• It’s powered by an external source like a public or private charge point

  • It’s powered by an electric storage battery that isn’t drawing power from any other source while the vehicle is moving

  • It’s powered by a hydrogen fuel cell

However, from April 2025 the rules will change, and electric vehicle owners will be required to pay Vehicle Excise duty on their cars. The same will be true for cars with low CO2 emissions that are currently exempt, and hybrid and alternative fuel vehicles will no longer be eligible for a reduced tax rate.

This means electric cars, vans and motorcycles will be liable to pay the same car tax rates as petrol and diesel motor vehicles. Electric vehicles and all other vehicles will still require at least third-party insurance to drive on UK roads.

Vehicles with a list price of more than £40,000

You have to pay an extra £335 a year if you have a car or motorhome with a ‘list price’ (the published price before any discounts) of more than £40,000. You do not have to pay this if you have a zero-emission vehicle.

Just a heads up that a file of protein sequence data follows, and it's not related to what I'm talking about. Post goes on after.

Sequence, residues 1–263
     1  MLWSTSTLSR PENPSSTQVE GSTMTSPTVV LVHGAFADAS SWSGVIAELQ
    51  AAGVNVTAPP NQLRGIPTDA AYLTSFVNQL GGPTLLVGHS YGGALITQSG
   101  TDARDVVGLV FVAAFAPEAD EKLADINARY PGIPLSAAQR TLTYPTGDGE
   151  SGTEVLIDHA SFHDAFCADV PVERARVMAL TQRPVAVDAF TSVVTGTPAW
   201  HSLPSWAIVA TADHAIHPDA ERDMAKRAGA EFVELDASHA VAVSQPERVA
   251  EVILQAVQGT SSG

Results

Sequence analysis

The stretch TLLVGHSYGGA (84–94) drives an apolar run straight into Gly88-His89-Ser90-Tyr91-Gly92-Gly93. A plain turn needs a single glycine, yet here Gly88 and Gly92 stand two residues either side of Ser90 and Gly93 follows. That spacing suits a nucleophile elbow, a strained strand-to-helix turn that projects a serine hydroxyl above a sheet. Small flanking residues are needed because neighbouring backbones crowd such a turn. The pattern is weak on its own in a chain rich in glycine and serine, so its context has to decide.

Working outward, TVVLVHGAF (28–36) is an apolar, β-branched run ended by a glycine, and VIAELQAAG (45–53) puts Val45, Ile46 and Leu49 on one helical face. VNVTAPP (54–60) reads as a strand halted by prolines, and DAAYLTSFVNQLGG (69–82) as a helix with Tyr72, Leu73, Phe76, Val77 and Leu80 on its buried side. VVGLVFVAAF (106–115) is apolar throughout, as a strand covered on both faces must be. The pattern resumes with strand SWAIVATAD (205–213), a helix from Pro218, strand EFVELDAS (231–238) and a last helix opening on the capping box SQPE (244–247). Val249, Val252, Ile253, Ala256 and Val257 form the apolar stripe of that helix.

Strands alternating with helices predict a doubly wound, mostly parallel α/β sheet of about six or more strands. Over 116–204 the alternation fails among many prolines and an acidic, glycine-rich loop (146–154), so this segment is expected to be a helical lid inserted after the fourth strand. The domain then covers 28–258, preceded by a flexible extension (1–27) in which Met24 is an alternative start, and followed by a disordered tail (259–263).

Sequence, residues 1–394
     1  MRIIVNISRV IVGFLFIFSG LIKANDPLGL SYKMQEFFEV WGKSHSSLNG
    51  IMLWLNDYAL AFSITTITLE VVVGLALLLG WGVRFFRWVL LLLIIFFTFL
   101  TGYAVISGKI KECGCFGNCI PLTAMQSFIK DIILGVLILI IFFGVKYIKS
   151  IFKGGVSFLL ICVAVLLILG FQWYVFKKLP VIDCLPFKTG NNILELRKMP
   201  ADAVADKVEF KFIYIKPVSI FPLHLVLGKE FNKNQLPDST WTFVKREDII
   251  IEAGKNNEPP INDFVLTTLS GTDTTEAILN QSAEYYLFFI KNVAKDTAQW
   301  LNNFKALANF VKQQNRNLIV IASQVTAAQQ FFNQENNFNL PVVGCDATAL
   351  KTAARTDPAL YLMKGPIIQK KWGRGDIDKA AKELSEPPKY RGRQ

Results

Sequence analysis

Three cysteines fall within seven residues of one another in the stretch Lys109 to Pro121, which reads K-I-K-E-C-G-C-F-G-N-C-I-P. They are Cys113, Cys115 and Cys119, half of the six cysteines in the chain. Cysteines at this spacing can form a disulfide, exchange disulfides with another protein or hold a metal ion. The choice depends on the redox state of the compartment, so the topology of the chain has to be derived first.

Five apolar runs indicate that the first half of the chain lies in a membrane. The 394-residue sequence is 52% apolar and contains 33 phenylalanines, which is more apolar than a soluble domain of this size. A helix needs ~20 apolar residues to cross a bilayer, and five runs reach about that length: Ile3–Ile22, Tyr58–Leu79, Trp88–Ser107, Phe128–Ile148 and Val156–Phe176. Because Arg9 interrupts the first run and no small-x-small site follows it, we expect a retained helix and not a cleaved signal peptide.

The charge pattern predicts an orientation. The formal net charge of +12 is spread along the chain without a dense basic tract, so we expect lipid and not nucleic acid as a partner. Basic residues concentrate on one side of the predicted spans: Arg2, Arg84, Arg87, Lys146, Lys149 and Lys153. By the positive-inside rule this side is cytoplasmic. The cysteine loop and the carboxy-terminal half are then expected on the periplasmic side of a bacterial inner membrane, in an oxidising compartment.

You only have to pay this rate for five years (from the second time the vehicle is taxed). Including the additional price, the rates for an annual non direct debit are £520 for petrol/diesel vehicles or £510 for alternative fuelled cars.

How do I cancel my car tax for a refund?

There are just six scenarios for a refund:

  1. Your car is sold or transferred to a new buyer

  2. Your vehicle is taken off the road – or is served a Statutory off Road Notification (SORN)

  3. Your insurance company has written it off

  4. It’s been scrapped or stolen. If your car is going to be scrapped, there is a specific procedure to follow. If you keep to the guidelines, then a refund will be organised automatically

  5. The vehicle has been exported. If your car leaves the UK for more than 12 months, then the DVLA deems it as a permanent ‘leaver’

  6. It’s legally registered as tax exempt

To cancel your car tax, you will need to contact the DVLA to start the refund process. If you pay your car tax by direct debit, it will be cancelled by the DVLA, and you should be entitled to a refund for all the months left on your tax.